Does It Play Off A Racial Or Cultural Stereotype?
Think deeply about what you're doing before you step out your door. Stereotypes that need to be avoided include "gypsies" ( Roma people will not appreciate it), any kind of sombrero-wearing, cheongsams as a stand-in for "Asian" culture, or anything that paints an entire race or culture with a broad brush. Even things you might think are cute or complimentary, like the "Latin lover," are not going to sit well with people who are actually Latinx. If it's a shorthand for a certain kind of cultural stereotype, it's not going to fly.
What to do: Avoid any kind of costume that dwells on cultural stereotypes as a way to make a point. Even predominantly white cultural touchstones (French stripy shirts and berets, German lederhosen) are a bit dumb, to be honest. Are cultures actually a costume? Can't we do better than that?
Does It Fetishize or Sexualize An Entire Culture?
Marginalized people have had to cope with stereotypes about their sexual availability for centuries — and it's particularly harmful considering that many of those same women were enslaved and experienced sexual violence regularly at the hands of white men throughout history. It's safe to say that they are extremely sick of it and don't need it reinforced by your sexy geisha costume. It's kind of stomach-churning, to be honest.
What to do: There are approximately four million ways to be sexy without being offensive. Sexualize zombies, apple pies, supermarket tote bags, lizards: The world is your oyster. Dress as David Bowie and destroy everybody in a five-mile radius with your raw sexual power. But going with sexy marginalized person? It's not just lazy and boring; it's profoundly offensive.
Does It Involve Painting On Someone's Skin Color?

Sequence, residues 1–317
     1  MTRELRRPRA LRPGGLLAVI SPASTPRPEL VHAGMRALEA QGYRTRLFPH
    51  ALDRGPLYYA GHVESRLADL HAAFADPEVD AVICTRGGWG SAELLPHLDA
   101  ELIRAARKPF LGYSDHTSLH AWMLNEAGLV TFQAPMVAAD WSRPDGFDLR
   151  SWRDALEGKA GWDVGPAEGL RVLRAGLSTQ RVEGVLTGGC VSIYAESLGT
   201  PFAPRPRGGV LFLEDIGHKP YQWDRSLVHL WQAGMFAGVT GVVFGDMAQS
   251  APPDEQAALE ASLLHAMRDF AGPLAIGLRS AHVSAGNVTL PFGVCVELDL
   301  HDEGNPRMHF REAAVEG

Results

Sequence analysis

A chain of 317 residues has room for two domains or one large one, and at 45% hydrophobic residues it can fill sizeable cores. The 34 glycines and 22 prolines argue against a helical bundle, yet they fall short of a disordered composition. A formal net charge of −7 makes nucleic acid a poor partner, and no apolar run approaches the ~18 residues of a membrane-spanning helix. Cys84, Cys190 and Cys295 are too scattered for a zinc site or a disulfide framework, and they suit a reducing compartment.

There's continual discussion about whether or not it's OK to pay homage to a public figure who's a member of another culture or race. Is it alright to dress up as Naomi Campbell for her legendary model status, or Frida Kahlo with her impact on art, if you yourself are a white woman? Opinions differ on this one. On the one hand, you can certainly pay homage to celebs of a different race without highlighting their race as part of it. On the other, as a white person, I personally would prefer to avoid paying homage to a non-white person on Halloween, especially if they are notable for reasons having to do with their status as a minority. One thing there should be no discussion about, though? Blackface, yellowface, or brownface. Painting on someone else's skin color is never, ever OK. Not even if you're dressing up as Rachel Dolezal (which is a bad idea anyway). It's pointless and offensive. (Same goes for putting on an accent.)
What to do: Halloween is not a time to pretend that you're another race. Ever. Again, there are a million and one other costumes you can do that don't appropriate someone's race or culture. When in doubt, just don't do it.